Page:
Off-campus UMass Amherst users: To download campus access dissertations, please use the following link to log into our proxy server with your UMass Amherst user name and password.
Non-UMass Amherst users: Please talk to your librarian about requesting this dissertation through interlibrary loan.
Dissertations that have an embargo placed on them will not be available to anyone until the embargo expires.
Author ORCID Identifier
Open Access Dissertation
Doctor of Philosophy (PhD)
Year Degree Awarded
Month Degree Awarded
The primary goal of my dissertation was to investigate the adaptive capacity of mole salamanders in western Massachusetts, specifically marbled salamanders (Ambystoma opacum), to future changes in climate. This involved the analysis of two existing datasets including i) a nearly decade-long photograph capture-recapture dataset (first described by Gamble et al. 2009) and ii) a landscape genetics dataset (first described by Whitely et al. 2014). My dissertation also included two chapters focused on computer simulations to better understand the behavior and inferences from the statistical models fit to the empirical datasets I modeled and the effects of error in the data on model parameter estimates. Results of my research provide new insights regarding the adaptive capacity of A. opacum populations to future environmental change. First, genetic differentiation of A. opacum was found to be driven by roads and landscape curvature in our study area which has resulted in population clustering (K=3; Whiteley, McGarigal, & Schwartz, 2014). This suggests that A. opacum may have difficulty tracking future climate change if movement, dispersal and ultimately gene flow are restricted due to both anthropogenic and natural topographic features of the landscape. Second, multi-state survival model estimates suggested that climate change could directly reduce A. opacum survival through increases in summer precipitation amounts and indirectly reduce A. opacum survival through increases in the length of the breeding interval due to increases in fall temperature and decreases in precipitation as mortality rates at the vernal pool. Lastly, no evidence was found that individual A. opacum could pick up on environmental cues that breeding conditions would be “riskier” in a given year due to a longer breeding interval and “skip” breeding at higher rates (particularly females), to buffer the population from such environmental conditions.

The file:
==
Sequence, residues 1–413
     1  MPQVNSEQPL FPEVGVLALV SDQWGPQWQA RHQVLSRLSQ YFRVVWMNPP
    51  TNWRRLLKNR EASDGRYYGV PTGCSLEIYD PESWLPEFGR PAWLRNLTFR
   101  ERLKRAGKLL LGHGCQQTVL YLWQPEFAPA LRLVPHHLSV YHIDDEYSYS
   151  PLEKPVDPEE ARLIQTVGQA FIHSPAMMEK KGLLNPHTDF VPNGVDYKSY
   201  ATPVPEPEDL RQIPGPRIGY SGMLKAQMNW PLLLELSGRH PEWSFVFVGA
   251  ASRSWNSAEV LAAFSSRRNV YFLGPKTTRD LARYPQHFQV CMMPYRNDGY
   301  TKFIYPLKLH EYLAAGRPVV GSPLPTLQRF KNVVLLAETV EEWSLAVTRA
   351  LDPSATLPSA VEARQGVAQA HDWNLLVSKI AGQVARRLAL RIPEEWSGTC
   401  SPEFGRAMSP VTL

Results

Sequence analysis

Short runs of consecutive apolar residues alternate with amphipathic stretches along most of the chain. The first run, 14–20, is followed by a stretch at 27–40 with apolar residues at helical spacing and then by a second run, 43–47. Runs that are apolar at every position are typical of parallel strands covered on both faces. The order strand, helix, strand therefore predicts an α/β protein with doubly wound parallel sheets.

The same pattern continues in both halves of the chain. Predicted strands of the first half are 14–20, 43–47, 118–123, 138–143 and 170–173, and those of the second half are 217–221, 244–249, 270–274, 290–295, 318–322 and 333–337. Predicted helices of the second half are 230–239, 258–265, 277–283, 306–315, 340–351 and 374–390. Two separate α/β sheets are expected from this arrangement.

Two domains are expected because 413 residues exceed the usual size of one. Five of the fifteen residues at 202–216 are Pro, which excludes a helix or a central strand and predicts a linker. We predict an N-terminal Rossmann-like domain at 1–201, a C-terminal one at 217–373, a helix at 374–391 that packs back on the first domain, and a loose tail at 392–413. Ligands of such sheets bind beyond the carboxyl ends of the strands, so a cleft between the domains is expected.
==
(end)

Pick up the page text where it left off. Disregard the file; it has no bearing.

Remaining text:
Winiarski, Kristopher, "EVALUATION OF THE ADAPTIVE CAPACITY OF MOLE SALAMANDERS (AMBYSTOMATIDAE) TO A CHANGING CLIMATE IN WESTERN MASSACHUSETTS" (2019). Doctoral Dissertations. 1560.